Though it may seem completely unromantic, it would be naive to go into a marriage thinking there is an absolute zero percent possibility of getting a divorce in the future. Planning by getting a prenuptial agreement can save you a major headache if you do end up getting divorced. At The Foray Firm, we have more than 10 years of experience helping couples draft prenuptial agreements that they are happy with. Our knowledgeable Markham, IL, prenuptial agreement lawyers can ensure that your prenuptial agreement contains everything that you want it to contain and that it will hold up in court, should it be contested. Get in touch with our office today by calling us at 312-702-1293 to schedule a consultation.

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Key Things to Know Before Pursuing Stepparent Adoption in IllinoisIn Illinois, related adoptions are the most common type of adoption that takes place. Stepparent adoption, specifically, is the most common type of related adoption. Typically, a stepparent adoption takes place when one of the child’s parents is married or remarried to a person who is not the child’s biological parent. The spouse of the child’s parent would legally assume the rights and responsibilities to the child, but in some cases, it is easier said than done. Many children who have stepparents also have both biological parents who play a role in their lives and who might object to the adoption. Any type of adoption can be a complicated legal process, but in some ways, a related adoption can be even more difficult.

Facts to Consider Before Adopting

Many families pursue stepparent adoption because it gives the stepparent a way to formally and legally declare him or herself a parent to a non-biological child. Other families may pursue stepparent adoption as a way to establish two legal parents for a child if one parent is not involved in the child’s life. Either way, here are a few things you should consider before you begin the adoption process:

  • A child in Illinois is permitted to have only two legal parents at a time. If you are trying to adopt your stepchild, you will have to make sure that your child’s other parent either relinquishes his or her parental rights or petition to have his or her parental rights revoked.
  • Judges only grant stepparent adoptions to the stepparent who is married to the parent that the child spends the most time with. In other words, if a child’s father remarries and his new wife wants to adopt the child, but the child lives with his mother 75 percent of the time, the judge will probably not allow the adoption.
  • Typically, adoptions require a home study to be completed, which assesses the relationships and inner workings of the family that will adopt the child. Since stepparent adoptions are related adoptions, the home study requirement is waived.
  • Consent with related adoptions and stepparent adoptions can become complicated. Not only do you have to gain the consent of the child’s other biological parent, but in some cases, you may also have to gain the consent of the child. In Illinois, any child who is 14 or older must give their consent to be adopted.

Complete Your Family With Help From a DuPage County Adoption Lawyer 

In some ways, a stepparent adoption can be an easier process to go through than the traditional adoption process. In other ways, the stepparent adoption process can prove to be even more legally challenging. If you want to adopt your stepchildren but their other biological parent is objecting to the adoption, contact our knowledgeable Bolingbrook, IL, stepparent adoption attorneys today. At The Foray Firm, we understand that adoption is not only a legal process but an emotional challenge, as well. Contact our office today at 312-702-1293 to schedule a consultation.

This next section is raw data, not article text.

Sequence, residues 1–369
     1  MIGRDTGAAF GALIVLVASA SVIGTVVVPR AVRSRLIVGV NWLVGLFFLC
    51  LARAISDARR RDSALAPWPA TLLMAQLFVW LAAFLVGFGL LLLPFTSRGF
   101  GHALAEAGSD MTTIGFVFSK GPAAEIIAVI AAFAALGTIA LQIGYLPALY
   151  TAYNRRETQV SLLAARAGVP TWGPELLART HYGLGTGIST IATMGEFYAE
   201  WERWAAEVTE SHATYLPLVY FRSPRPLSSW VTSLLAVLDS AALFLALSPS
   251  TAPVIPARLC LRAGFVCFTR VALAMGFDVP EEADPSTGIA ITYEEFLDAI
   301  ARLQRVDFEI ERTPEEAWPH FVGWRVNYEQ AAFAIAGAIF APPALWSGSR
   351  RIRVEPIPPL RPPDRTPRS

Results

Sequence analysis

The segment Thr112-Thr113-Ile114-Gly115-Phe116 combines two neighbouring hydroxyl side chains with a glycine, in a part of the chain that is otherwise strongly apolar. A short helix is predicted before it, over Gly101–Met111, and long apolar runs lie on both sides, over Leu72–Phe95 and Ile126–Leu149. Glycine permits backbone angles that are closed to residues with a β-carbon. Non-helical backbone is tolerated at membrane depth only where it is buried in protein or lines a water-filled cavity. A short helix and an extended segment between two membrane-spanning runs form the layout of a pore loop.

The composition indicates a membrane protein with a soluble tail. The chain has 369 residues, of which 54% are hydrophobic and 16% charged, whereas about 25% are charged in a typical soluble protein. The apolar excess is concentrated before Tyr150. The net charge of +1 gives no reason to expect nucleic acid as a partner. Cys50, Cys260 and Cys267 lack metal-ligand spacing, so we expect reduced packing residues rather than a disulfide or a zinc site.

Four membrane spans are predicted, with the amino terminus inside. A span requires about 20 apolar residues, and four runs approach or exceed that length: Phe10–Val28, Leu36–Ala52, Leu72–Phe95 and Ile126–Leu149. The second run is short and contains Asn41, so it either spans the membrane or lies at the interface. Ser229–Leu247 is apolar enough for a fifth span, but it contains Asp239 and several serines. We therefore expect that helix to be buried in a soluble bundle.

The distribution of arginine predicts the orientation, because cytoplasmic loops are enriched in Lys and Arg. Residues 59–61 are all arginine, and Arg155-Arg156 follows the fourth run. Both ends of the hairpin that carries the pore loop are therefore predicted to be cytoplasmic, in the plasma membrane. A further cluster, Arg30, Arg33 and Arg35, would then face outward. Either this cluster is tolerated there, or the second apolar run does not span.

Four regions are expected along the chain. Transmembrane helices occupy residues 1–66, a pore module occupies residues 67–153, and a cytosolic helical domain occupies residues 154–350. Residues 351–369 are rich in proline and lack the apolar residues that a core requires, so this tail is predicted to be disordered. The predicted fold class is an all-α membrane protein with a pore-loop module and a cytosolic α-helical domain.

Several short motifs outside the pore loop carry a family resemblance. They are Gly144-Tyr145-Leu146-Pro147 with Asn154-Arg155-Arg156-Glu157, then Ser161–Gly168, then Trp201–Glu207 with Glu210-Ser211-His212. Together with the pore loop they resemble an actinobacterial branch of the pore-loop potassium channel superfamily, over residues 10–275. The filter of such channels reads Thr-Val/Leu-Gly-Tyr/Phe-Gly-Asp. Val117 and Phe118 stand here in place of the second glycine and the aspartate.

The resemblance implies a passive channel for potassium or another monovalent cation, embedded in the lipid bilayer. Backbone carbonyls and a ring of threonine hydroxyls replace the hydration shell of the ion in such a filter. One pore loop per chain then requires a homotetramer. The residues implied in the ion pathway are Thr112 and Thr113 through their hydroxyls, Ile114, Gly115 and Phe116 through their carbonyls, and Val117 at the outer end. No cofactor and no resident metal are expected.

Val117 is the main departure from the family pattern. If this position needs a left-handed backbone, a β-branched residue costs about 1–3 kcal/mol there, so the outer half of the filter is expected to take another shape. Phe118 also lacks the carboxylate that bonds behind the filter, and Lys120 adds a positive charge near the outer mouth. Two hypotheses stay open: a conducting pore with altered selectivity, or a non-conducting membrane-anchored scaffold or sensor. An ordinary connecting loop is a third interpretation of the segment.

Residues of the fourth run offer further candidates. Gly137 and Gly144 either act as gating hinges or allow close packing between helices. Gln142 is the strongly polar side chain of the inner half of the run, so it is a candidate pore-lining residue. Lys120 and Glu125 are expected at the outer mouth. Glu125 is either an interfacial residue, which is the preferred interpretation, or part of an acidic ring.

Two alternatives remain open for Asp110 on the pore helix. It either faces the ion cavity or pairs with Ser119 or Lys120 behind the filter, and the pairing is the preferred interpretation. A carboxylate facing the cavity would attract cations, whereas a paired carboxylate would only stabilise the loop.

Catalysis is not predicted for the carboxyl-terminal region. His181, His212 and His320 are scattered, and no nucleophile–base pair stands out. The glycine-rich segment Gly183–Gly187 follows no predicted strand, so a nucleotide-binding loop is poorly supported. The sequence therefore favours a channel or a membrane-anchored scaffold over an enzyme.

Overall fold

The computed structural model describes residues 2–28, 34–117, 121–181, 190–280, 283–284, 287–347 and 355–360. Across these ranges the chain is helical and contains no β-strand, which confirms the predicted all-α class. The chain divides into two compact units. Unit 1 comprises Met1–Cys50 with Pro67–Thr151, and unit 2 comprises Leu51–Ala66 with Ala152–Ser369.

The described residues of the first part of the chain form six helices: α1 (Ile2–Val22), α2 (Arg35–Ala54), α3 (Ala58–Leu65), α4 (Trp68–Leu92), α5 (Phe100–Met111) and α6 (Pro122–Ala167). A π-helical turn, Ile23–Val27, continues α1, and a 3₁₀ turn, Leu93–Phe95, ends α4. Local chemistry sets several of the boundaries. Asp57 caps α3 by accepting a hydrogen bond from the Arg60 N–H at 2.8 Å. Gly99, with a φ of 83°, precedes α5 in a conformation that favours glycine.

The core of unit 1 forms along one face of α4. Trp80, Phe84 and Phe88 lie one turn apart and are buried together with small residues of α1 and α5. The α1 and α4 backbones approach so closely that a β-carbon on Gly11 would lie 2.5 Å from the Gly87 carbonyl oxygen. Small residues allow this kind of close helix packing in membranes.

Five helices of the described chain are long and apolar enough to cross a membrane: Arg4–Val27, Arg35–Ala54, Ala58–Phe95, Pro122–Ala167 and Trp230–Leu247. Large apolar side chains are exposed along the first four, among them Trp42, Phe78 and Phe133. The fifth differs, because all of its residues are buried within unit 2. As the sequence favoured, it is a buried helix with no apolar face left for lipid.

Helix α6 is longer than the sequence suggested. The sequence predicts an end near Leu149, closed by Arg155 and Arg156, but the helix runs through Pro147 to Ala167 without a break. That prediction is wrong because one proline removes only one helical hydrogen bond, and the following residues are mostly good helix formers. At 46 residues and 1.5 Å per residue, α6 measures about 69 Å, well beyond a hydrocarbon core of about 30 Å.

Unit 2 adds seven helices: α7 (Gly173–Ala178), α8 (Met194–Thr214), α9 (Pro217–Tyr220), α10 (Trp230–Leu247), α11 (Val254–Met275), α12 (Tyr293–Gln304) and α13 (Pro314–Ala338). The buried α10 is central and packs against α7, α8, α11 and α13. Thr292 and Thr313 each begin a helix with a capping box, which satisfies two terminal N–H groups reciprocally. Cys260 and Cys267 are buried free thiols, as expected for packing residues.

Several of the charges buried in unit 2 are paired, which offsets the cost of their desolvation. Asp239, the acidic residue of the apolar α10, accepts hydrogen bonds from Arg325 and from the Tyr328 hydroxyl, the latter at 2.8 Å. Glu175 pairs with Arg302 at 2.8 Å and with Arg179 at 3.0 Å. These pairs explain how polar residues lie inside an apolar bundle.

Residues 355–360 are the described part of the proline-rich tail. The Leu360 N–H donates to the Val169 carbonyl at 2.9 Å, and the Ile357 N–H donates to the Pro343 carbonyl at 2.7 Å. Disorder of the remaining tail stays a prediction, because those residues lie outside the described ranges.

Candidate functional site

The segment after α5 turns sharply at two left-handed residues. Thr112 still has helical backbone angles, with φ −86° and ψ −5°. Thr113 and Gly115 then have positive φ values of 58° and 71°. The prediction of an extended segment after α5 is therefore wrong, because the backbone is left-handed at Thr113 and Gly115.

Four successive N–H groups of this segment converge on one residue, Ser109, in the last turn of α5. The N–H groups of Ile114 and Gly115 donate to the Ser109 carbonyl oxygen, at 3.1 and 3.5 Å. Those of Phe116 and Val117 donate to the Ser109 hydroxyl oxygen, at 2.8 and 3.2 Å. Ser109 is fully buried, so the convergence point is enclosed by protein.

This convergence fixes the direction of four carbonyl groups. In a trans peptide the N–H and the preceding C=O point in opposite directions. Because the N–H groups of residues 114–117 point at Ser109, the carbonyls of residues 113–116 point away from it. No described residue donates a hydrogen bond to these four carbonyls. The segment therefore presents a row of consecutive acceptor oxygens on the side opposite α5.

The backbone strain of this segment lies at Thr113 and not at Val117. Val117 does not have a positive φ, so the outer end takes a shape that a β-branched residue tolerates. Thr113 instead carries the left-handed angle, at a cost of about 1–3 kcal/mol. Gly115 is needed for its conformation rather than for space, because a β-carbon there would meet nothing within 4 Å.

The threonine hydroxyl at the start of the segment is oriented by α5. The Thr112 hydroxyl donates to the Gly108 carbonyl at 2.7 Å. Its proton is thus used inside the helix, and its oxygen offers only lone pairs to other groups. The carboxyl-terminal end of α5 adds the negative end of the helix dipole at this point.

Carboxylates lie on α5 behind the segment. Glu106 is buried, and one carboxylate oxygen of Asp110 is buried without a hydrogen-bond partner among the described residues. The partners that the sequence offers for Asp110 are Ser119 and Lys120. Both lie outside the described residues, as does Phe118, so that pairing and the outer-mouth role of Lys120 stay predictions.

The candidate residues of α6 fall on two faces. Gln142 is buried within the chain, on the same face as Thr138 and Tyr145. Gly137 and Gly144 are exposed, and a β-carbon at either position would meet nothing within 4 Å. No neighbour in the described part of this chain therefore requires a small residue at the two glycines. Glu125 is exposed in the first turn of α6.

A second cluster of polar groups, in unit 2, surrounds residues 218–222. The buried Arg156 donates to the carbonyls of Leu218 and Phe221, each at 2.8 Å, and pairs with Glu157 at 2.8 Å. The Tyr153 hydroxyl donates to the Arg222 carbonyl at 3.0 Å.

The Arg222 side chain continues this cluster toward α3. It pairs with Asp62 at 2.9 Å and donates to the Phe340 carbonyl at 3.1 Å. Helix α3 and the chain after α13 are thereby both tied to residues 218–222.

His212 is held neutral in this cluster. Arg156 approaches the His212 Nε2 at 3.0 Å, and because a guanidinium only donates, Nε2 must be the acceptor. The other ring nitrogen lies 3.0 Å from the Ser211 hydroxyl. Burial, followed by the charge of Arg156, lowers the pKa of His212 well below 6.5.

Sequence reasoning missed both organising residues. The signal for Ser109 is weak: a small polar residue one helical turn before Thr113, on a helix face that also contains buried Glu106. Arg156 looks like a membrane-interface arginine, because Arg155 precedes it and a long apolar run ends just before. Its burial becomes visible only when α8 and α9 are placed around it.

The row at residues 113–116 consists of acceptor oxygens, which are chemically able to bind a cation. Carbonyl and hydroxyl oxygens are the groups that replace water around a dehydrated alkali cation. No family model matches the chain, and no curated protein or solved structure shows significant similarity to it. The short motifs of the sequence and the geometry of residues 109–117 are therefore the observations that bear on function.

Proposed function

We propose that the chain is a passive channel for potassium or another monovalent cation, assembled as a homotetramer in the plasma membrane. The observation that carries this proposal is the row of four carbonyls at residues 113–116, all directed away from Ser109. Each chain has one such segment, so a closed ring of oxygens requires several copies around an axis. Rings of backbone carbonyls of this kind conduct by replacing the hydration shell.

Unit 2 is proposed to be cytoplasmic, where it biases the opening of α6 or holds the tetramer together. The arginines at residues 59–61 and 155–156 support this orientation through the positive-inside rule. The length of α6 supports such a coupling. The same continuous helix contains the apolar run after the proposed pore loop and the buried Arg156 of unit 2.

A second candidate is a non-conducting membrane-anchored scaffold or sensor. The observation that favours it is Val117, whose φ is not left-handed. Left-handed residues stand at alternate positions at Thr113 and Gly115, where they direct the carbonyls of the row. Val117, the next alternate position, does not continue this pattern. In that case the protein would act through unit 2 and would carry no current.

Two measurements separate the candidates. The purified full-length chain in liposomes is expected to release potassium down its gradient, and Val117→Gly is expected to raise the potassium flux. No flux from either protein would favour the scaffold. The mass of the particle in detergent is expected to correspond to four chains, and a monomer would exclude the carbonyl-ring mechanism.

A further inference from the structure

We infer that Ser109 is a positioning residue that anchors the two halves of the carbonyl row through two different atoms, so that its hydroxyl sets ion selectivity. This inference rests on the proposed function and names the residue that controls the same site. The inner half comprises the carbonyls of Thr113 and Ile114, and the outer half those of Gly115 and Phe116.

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Four Tips For Successful Co-Parenting After Your Illinois DivorceWhen you have children, one of the hardest aspects of life after a divorce is figuring out how to be a successful and effective co-parent. This can be especially difficult for couples who no longer get along with one another or who had a very contentious divorce. Though you may wish you were rid of your spouse, having children with them prevents that from being possible. It is your job to work together with your ex to make sure you can provide a secure and loving childhood for your kids. Co-parenting after your divorce is one of the toughest things you will learn to do, but it is also one of the most important. Here are a few tips to help increase your chances of co-parenting success:

  1. Put Your Feelings Aside: This is perhaps the most important tip of all. You and your spouse need to make sure you are putting your feelings to the side and focusing on the wellbeing and happiness of your children. Your children should be the most important part of your life, and ensuring their happiness is more important than the issues you have with your ex.
  2. Work on Communication With Your Ex: Though it may be tough, communication is key when it comes to co-parenting. You should be aiming for peaceful and purposeful communication between you and your ex, all for the benefit of your children. You should keep your ex in the loop when it comes to your child and you should make sure you are including them in any major decisions involving your child.
  3. Stay as Consistent as Possible: It is also important to keep a sense of consistency between the two households for the sake of your children. Obviously, not everything will be the same at both your and your ex’s homes, but general routines and rules should stay the same so your child has a sense of consistency and familiarity.
  4. Remind Your Children That You Love Them: This is also important because it is common for children to blame themselves for the divorce. You should reassure your children every now and then that both you and their other parent still love them very much and that your issues have nothing to do with them.

Hire a Compassionate Will County Family Law Attorney 

At The Foray Firm, we understand that it is often difficult for divorcing parents to transition to life as a single parent, while still taking into account the other parent. Our skilled Joliet family law lawyers can help you and your spouse have a solid and comprehensive parenting plan in place to help reduce any uncertainties after the divorce. Call our office today at 312-702-1293 to schedule a consultation.

Sources:

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BBA Of Will County Illinois State Bar Association Cook County Bar Association The National Bar Association BWLA